Sarahscolumn

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Vinson Tan

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Pixabay

Last Christmas, I received a hilarious gift: the “Dumb Birds of North America 2021 Daily Calendar.” It features silly and often profane bird facts for every day, usually with an insulting aside about the bird in question. As I write this, today’s Fun Fact! entry reads “A shrike can kill and carry an animal as big as itself. It carries its larger victims in its feet and littler victims in its hooked beak. It also has no soul.” While I can’t speak to the theological question of whether shrikes or any birds have a soul, it’s a great time of year to consider today’s featured bird. Here in northern Wisconsin the northern shrike is a wintertime resident and these days they’re starting to settle in for the season.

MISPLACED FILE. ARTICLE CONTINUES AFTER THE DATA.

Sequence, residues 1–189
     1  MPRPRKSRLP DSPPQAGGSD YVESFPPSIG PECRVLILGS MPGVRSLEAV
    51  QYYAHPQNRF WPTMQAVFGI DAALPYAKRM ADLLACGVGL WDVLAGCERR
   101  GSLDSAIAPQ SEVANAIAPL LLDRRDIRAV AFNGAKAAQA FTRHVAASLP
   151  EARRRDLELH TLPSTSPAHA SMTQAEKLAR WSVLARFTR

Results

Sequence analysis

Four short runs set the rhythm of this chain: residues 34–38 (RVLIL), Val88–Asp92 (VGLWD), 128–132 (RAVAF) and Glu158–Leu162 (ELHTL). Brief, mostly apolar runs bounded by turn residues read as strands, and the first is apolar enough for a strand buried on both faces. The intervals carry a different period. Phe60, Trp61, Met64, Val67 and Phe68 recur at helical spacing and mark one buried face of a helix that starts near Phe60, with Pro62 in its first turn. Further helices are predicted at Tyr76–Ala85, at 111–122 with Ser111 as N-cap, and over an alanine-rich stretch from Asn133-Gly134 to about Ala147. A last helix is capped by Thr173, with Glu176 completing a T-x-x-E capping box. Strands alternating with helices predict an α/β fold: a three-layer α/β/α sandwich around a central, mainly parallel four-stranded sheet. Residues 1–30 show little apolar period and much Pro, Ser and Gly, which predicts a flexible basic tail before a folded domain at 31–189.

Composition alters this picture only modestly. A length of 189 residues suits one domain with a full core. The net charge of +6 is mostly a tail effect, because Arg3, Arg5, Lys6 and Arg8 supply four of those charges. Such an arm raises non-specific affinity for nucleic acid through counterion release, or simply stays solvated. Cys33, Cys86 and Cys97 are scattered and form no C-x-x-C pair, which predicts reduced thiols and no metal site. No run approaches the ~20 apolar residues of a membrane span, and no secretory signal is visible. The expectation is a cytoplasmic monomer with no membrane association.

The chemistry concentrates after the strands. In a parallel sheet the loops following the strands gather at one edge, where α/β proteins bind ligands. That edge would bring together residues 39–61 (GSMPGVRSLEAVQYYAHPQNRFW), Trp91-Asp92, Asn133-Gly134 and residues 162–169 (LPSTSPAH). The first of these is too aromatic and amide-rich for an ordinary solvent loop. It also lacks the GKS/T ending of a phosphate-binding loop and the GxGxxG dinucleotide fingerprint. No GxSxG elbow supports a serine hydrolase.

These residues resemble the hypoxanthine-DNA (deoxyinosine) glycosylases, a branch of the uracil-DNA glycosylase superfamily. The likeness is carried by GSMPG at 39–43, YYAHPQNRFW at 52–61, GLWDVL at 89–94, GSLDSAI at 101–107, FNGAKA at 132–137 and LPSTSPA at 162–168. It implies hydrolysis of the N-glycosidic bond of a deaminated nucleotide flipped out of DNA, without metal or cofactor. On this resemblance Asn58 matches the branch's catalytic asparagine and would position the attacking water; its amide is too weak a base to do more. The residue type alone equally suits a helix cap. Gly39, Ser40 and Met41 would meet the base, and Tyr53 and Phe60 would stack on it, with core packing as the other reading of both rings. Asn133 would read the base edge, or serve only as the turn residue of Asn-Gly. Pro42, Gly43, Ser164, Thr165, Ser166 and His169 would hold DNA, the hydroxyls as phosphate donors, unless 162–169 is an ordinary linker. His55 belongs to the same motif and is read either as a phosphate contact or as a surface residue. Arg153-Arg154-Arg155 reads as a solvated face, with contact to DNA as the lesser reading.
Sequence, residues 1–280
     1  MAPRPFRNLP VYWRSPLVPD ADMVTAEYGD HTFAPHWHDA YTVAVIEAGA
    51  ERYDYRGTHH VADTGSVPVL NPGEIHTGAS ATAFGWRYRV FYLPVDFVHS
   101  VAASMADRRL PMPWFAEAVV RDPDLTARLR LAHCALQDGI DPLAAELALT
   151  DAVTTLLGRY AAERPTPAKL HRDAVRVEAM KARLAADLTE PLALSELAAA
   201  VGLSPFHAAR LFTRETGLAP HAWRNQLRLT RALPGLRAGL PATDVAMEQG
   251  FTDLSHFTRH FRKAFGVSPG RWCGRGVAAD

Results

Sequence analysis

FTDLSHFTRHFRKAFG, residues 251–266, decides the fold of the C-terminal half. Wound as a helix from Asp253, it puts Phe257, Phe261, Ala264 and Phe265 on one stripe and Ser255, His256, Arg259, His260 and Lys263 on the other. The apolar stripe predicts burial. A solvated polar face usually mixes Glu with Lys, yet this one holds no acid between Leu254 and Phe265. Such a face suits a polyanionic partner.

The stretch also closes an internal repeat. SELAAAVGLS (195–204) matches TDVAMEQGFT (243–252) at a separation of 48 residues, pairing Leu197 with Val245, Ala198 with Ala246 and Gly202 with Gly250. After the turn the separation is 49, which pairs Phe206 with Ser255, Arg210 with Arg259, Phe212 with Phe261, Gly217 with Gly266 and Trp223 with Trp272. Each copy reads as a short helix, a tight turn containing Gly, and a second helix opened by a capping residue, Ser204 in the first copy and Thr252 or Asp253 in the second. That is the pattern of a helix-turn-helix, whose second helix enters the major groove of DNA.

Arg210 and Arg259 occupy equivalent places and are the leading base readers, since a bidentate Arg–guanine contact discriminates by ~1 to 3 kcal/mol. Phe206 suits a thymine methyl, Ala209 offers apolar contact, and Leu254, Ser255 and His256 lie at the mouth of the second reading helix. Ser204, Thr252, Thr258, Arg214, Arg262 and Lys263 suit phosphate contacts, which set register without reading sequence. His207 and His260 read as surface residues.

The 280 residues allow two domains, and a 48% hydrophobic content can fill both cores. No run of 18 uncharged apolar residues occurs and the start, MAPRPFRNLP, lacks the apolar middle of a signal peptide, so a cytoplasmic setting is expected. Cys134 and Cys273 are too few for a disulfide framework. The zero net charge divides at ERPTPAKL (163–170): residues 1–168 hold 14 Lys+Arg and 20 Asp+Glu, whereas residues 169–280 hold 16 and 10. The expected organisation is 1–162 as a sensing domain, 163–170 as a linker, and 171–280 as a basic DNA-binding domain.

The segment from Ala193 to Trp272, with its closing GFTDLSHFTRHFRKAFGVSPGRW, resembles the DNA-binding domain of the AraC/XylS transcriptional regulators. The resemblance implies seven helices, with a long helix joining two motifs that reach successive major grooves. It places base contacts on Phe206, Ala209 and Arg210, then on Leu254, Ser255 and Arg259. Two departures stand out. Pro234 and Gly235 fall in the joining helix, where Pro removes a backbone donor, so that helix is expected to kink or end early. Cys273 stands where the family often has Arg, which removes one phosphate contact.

Northern shrikes, along with their cousins the loggerhead shrikes (readers downstate may be lucky enough to see those in the summertime) are technically songbirds, but their behavior is reminiscent of raptors like hawks or falcons. They even look like predators with their little black bandit mask plumage and hooked beaks. These tiny terrors are smaller than blue jays and could be mistaken in winter for a Canada jay (quick ID tips: Canada jays may come to your feeders for the seeds; northern shrikes may come to your feeders for the birds. They both cache their food, but the jays put nuts and fruits into small cavities and shrikes impale small birds and animals they can’t eat right away on thorns or barbed wire.) They don’t have talons like raptors, but they don’t need them. Shrikes can still catch and grip their prey — particularly other birds — with their feet, and then kill it with their sharp, hooked, notched beaks.

(Copyright © 2021 APG Media)

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